2 thoughts on “The Demise of Dollar Diplomacy

  1. LaMoy and CLF,

    Trump is in dreamland. He needs friends and alliances and that is where diplomacy kicks in. America first policy is not good for the US Dollar since it can antagonize holders of US dollar bonds and reserves like China. America’s debt is rising rapidly and other nations are held at ransom. So if America catches a cold, the rest of the world is down with a flu. Najib thinks Malaysia is America and so he can do as he pleases by running our national debt sky high. –Din Merican

  2. Din:

    Remember the words of Nixon-era US Treasury Secretary John Connally: “The dollar is our currency, but it’s your problem”? These words today are developing new resonance for Asian central bankers.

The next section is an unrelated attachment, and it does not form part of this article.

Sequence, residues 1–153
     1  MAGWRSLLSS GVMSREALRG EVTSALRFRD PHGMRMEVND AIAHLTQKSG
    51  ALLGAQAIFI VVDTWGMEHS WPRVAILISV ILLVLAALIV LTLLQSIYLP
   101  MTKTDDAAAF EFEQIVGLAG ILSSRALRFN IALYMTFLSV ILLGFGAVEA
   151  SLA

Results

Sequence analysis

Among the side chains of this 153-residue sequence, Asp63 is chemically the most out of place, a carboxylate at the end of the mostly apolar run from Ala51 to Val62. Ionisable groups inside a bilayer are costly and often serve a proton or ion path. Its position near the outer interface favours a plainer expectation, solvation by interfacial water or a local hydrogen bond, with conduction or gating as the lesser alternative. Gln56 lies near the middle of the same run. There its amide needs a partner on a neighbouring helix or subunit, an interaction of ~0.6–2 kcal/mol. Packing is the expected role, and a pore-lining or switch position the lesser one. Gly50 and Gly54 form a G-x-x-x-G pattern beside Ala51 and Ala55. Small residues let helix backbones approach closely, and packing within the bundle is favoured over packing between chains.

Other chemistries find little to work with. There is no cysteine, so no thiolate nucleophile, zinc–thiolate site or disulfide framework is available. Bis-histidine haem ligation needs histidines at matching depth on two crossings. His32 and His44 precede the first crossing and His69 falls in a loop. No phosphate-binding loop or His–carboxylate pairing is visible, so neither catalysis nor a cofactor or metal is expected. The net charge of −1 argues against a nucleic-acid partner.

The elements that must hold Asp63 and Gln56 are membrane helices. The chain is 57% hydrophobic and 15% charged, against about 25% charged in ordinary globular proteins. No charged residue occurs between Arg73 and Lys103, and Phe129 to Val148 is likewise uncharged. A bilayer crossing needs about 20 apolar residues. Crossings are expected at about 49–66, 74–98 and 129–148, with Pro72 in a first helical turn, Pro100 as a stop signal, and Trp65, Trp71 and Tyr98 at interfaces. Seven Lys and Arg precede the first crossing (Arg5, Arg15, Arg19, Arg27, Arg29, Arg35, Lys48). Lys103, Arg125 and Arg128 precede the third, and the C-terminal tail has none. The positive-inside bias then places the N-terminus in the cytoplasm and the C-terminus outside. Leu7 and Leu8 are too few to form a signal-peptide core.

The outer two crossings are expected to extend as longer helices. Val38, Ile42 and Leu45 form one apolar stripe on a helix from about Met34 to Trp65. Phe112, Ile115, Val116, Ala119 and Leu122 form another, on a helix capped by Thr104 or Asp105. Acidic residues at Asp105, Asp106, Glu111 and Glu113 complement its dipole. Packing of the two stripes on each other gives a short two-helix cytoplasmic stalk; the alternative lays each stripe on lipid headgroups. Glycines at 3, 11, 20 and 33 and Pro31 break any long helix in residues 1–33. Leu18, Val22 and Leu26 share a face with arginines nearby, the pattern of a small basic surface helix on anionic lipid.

During the past couple of years it’s been difficult to pick up a newspaper without glimpsing a headline decrying China’s unfair competition, denouncing the undervalued renminbi and thus emboldening yet another expedition of politicians flying to Beijing for a photo op and some great food. Further, many market pundits have argued that, given America’s economic woes and multiple imbalances, a dramatic decline of the US dollar is once again nigh – especially so against the renminbi, as well as the yen and other Asian currencies.

    Currently, the US and several mercantilist Asian countries, which closely manage their currencies against the greenback, with the Asian current account surpluses recycled to provide cheap financing for the structural US current account deficit. A succinct interpretation is provided by Paul Krugman: “Americans make a living selling each other houses, paid for with money borrowed from the Chinese.” Given its fundamental flaws, the collapse of Bretton Woods II is inevitable and will certainly lead to a dramatic decline in the USD.